Article by Tony King
I bought a Haddon Gordon 15 x 10 in 1985 after years of treadling a C & P, and was curious to know the lineage of this particular brand. I was familiar with Arabs, Croppers, and other Gordons but not the name of Haddon.
My research found that Haddon was the leading advocate for the adoption of the American point system in England which saw its progressive introduction at the turn of the 19th century. Not only an advocate but the entrepreneurial flair of Walter Haddon saw him overwhelm the market — and naturally cause an uproar in the casting industry.
My early research traced my presses’ life in New Zealand to the New Zealand representative for John Haddon & Co of Market Harborough, England. This was A. D. Willis a printer and importer in Wanganui highly respected in Australasia in the 1880’s for his exquisite lithographed scenic postcards of New Zealand. Shortly after buying the press I visited Wanganui to buy cases of redundant type from a newspaper’s loft, and discovered with some amazement that the building carried the foundation stone for A. D. Willis, Printer.
In 1989 I visited the St Brides Library in London and started my research in earnest, later to be supplemented by a great deal of information from a 1914 issue of the British Printer in which they were marking the centenary of the establishment of the Haddon business in 1814.
The recorded Haddon dynasty which was based in Naseby Northamptonshire goes back beyond 1700, and the lineage fathered several John Haddons and the one that eventually started the printing empire was one of 11 children and born in 1823.(1823–1904) The family were farmers but John born in 1784 (1784−1855) did not have farming inclinations “but was noted for his literary tastes although it was as a businessman that he made his mark. He was apprenticed to a printer at the age of 15 (1801) and after a year went to London to seek his fortune.” In 1814 he founded the printing business which celebrated its centenary in 1914. His early printing included much for Baptist missionaries especially literature for foreign missions in which his father was also particularly interested. They saw the potential of spreading their business ambitions beyond printing and the British Isles and often had requests from missionaries to be sent items in addition to their books and pamphlets. As a result they established a ‘general commission agency’ which gave them the opportunity to be in touch with all parts of the world.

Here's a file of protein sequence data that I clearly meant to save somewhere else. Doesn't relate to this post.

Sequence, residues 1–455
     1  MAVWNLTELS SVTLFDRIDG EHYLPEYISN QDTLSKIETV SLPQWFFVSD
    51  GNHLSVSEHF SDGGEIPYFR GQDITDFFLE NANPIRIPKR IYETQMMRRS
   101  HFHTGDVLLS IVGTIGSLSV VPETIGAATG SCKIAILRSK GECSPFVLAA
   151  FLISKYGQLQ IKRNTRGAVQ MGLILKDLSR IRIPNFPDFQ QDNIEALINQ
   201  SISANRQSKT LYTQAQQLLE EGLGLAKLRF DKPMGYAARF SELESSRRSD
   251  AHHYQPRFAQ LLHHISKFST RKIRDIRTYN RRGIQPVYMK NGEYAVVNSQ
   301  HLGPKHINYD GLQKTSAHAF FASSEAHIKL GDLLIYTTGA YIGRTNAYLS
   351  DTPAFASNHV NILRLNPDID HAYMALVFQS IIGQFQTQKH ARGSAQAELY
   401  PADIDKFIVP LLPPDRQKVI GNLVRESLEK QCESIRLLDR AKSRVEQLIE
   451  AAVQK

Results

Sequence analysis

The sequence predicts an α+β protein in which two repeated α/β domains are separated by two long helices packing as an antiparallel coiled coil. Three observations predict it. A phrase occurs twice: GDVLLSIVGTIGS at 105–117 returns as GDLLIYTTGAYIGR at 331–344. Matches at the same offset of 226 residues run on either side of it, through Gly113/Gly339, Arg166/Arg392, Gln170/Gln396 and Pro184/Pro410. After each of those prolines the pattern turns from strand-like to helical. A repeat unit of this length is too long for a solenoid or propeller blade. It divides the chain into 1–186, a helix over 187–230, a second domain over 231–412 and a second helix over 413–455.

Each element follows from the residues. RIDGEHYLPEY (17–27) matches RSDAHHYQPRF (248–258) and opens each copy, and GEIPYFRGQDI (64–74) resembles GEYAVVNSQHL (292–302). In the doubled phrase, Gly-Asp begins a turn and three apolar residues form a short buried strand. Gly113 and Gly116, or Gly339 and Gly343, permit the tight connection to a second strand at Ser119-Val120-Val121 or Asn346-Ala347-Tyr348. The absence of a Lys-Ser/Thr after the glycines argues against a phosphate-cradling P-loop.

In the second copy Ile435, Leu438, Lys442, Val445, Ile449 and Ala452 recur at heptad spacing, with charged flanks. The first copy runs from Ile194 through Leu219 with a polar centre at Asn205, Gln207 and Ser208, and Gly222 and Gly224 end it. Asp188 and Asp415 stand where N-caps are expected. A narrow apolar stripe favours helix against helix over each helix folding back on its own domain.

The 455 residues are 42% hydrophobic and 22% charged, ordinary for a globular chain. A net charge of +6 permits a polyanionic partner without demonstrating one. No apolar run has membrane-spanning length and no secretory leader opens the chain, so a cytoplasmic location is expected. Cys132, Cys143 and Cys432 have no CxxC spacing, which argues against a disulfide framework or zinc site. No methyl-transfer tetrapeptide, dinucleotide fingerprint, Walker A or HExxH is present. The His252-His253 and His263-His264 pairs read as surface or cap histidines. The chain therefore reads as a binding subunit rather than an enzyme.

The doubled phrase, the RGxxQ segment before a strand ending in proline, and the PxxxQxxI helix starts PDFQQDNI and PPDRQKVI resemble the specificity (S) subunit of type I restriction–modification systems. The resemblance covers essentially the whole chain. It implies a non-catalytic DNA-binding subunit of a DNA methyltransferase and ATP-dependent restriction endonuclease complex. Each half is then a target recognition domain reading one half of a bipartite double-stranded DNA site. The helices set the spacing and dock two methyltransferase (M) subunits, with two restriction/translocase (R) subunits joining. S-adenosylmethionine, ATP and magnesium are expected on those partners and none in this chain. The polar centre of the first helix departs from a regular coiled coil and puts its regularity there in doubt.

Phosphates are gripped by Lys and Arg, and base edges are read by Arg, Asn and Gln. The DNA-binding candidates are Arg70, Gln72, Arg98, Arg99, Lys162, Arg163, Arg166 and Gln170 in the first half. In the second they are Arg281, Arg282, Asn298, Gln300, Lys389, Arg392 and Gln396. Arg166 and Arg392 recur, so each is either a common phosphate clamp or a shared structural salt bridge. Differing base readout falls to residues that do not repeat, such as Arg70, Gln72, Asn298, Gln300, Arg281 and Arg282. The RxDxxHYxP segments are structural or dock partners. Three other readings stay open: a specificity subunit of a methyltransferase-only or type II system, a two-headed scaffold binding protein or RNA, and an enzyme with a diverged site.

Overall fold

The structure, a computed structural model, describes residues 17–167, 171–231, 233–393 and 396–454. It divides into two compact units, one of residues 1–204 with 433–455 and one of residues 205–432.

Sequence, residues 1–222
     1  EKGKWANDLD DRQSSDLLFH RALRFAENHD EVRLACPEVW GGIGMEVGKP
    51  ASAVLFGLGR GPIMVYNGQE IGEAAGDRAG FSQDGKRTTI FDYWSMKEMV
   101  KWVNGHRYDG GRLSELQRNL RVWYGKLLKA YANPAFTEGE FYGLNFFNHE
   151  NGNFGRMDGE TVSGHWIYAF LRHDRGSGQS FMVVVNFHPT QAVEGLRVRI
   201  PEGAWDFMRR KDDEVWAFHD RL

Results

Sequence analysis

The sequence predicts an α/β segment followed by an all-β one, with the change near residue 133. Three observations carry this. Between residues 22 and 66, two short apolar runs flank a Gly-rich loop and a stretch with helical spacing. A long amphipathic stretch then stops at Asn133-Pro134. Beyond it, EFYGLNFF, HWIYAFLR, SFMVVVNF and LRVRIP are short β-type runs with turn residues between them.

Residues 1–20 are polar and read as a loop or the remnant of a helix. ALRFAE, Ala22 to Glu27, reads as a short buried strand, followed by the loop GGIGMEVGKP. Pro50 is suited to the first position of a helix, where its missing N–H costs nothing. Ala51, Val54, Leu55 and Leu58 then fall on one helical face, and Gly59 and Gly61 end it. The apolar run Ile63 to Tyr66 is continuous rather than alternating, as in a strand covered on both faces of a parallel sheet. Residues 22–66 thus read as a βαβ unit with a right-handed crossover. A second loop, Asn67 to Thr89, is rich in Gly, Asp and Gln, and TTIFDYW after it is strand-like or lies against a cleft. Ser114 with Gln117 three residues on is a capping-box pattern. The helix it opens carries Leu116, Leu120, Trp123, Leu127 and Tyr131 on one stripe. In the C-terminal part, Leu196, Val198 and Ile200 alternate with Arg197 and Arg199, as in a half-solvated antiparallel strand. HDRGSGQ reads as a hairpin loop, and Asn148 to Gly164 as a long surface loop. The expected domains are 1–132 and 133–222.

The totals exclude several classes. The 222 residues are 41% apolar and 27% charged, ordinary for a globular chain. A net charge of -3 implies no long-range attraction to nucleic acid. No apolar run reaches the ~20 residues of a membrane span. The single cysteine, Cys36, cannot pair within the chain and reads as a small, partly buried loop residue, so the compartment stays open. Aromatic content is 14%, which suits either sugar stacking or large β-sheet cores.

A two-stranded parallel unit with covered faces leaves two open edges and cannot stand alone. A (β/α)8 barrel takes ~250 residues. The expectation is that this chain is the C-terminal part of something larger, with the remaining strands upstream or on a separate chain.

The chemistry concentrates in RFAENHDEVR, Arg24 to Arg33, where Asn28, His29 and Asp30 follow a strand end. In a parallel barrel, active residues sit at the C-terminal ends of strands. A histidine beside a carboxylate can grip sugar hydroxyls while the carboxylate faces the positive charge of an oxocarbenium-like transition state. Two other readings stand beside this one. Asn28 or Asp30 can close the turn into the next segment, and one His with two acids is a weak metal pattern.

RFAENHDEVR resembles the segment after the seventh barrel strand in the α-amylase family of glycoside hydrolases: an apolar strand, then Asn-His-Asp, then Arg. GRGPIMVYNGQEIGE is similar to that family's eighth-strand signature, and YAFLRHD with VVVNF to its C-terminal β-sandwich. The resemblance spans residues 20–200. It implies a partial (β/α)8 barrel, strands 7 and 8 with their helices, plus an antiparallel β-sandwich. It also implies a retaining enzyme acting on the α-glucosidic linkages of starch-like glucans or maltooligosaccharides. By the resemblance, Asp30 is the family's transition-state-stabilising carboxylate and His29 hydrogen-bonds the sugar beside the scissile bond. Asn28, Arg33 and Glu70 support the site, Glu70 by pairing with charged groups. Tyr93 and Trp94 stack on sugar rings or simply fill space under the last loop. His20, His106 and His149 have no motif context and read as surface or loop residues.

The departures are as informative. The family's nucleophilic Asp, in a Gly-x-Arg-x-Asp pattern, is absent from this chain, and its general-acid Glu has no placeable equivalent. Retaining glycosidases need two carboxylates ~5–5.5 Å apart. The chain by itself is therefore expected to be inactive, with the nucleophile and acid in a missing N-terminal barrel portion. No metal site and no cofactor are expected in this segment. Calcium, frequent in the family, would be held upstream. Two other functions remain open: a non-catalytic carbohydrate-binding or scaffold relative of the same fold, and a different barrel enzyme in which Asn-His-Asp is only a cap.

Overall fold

The third John born in 1823 was also apprenticed as a printer and superseded his older brother to become the sole proprietor in 1855. However his passion for printing was overshadowed by his interest in philanthropy, religion, music and gardening and the business suffered as a result. He bowed out of an active interest in the company when in 1888 cousin Walter Haddon joined the firm as a partner and became the sole proprietor in 1890. At that time there were three employees, by 1898 one hundred.
Walter possessed the qualities to turn the fortunes of the company around and his entrepreneurial skill had him expanding the business, acquiring well established engineering companies that would compliment his future direction. He established an advertising agency, and developed the skills of direct marketing and mail order